(8) “Set-off ” means the reduction by the controller of a payment due to a contractor by an amount equal to the amount of an unpaid legally enforceable debt owed by the contractor to the state or any amount which the state is entitled to withhold under the terms of the contract, or any amount owed by the contractor to the state by way of a statutory obligation or enforceable lien, of which the contractor had previous knowledge or notice.

(9) “State agency” means any department, board, bureau, commission, division, office, council, institution, authority or committee in the executive, legislative, or judicial branches of state government; including the University of Rhode Island and all other quasi-public bodies created by state law whose purpose and function are directly related to the health, safety, and welfare of the general populace of the state, including the Rhode Island lottery.

(10) “State funds” means funds held by the general treasurer in the general fund of the state.

(11) “Nonprofit provider” means any not for profit firm, partnership, or corporation which provides services to people in need pursuant to a contract with a state agency. A nonprofit provider is a contractor for purposes of this chapter. A nonprofit provider shall not be considered a public benefit corporation for the purposes of § 42-11.1-14.

§ 42-11.1-3: Time Period for Payment

(a) All bills shall be paid within thirty (30) working days of receipt of a proper invoice or other contractual dates for periodic payments, except when a contractor has failed to submit a bill in accordance with contractually imposed time frames.

(b) Each contractor shall make payment to subcontractors within ten (10) days of receipt of payment by the state; provided, however, that the contractor may setoff a payment due to a subcontractor by an amount equal to the amount of an unpaid legally enforceable debt owed by the subcontractor to the contractor or any amount which the contractor is entitled to withhold under the terms of the contract entered into by the contractor and subcontractor, or any amount owed by the subcontractor to the contractor by way of a statutory obligation, or enforceable lien, of which the contractor or subcontractor had previous knowledge or notice, or has reason to believe exists.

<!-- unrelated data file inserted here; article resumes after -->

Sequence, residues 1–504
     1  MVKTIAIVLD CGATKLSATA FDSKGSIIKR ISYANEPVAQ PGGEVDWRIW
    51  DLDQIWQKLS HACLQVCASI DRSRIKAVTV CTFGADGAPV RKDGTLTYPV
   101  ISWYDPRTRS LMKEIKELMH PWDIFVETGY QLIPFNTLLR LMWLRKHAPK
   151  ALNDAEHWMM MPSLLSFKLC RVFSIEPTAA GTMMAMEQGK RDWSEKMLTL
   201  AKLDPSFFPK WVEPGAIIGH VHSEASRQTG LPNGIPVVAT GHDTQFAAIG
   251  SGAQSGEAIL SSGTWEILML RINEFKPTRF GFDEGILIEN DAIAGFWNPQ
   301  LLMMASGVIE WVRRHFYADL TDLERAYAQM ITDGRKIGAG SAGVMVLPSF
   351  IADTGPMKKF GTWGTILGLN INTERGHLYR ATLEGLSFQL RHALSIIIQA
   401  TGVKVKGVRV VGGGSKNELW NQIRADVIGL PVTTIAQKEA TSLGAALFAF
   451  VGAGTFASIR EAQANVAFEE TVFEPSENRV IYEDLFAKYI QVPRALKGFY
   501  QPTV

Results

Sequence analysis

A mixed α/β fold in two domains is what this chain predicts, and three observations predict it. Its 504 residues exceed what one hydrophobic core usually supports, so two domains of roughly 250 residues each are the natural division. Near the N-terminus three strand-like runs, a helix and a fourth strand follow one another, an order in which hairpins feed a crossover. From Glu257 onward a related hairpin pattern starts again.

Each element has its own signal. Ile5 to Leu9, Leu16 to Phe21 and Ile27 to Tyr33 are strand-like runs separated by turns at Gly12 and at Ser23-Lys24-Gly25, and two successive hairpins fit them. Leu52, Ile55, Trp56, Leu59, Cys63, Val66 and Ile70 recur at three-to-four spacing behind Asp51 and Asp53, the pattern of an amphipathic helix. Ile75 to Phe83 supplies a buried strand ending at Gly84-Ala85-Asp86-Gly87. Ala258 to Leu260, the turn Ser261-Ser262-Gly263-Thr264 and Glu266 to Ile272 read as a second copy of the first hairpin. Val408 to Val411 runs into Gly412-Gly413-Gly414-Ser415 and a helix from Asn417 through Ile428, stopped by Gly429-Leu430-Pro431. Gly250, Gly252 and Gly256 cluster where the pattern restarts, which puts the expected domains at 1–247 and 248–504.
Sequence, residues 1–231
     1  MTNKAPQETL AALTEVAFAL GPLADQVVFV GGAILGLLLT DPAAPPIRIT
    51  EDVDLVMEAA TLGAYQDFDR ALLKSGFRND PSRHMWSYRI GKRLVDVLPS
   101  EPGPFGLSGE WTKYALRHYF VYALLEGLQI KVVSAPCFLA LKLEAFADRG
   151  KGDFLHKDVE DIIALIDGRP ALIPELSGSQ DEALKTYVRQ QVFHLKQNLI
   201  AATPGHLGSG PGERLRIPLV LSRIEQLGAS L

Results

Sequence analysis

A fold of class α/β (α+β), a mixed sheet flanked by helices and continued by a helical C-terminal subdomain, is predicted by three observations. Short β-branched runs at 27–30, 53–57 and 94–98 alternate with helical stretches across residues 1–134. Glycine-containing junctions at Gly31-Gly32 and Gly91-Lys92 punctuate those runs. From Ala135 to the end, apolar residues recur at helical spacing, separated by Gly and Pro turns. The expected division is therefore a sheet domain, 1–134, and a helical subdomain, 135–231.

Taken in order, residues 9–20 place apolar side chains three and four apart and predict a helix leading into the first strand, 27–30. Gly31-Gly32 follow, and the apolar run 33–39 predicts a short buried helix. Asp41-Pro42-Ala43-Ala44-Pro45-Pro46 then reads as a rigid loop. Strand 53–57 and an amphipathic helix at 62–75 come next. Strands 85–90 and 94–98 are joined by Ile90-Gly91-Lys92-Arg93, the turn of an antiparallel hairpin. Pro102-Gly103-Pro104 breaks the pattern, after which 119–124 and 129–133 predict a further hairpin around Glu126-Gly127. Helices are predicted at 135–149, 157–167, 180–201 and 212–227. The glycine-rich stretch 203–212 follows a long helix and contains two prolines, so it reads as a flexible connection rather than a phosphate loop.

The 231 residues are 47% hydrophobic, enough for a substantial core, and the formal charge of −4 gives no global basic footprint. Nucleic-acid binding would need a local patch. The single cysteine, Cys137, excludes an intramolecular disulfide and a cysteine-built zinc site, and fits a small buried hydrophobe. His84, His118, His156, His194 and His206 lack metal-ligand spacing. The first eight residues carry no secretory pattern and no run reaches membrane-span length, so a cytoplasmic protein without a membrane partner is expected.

(c) This section shall not apply to contractors or subcontractors performing work pursuant to a contract awarded by the department of transportation unless the subcontractor provides a payment and performance bond in an amount equal to the contract between the contractor and subcontractor.

§ 42-11.1-4: Partial Payment

Partial payments shall be made by the state on partial deliveries or partial completion of services in accordance with the contract. Each completed delivery or service must be paid in accordance with the provisions of § 42-11.1-3.

§ 42-11.1-5: Determination of Eligibility for Payment of Interest

(a) Each state agency which is required to make a payment from state funds according to a contract and which does not make the contract payment by the required payment date shall make an interest payment to the contractor in accordance with this chapter on the amount of the contract payment which is due, unless failure to make such contract payment is the result of a lien, attachment, or other legal process against the money due the contractor, or unless the amount of the interest payment as computed in accordance with the provisions of § 42-11.1-6 is less than ten dollars ($10.00).

(b) The required payment date shall be thirty (30) working days after the receipt of an invoice for the amount of the contract payment due, except when:

(1) The state controller in the course of his or her audit determines that there is reasonable cause to believe that payment may not properly be due, in whole or in part;

(2) In accordance with specific statutory or contractual provisions payment must be preceded by an inspection period or by an audit to determine the resources applied or used by a contractor in fulfilling the terms of the contract;

(3) The necessary state government appropriation required to authorize payment has yet to be enacted;

(4) The cash balance of the fund or sub-fund from which the payment is to be made is insufficient to finance the payment;

(5) A proper invoice must be examined by the federal government prior to payment;

(6) The goods or property have not been delivered or the services have not been rendered by the contractor in compliance with the terms or conditions of the contract;

(7) The required payment date is modified in accordance with subsection (d) of this section.

(c) Any time taken to satisfy or rectify any of the types of conditions described in subsection (b) shall extend the required payment date by an equal period of time.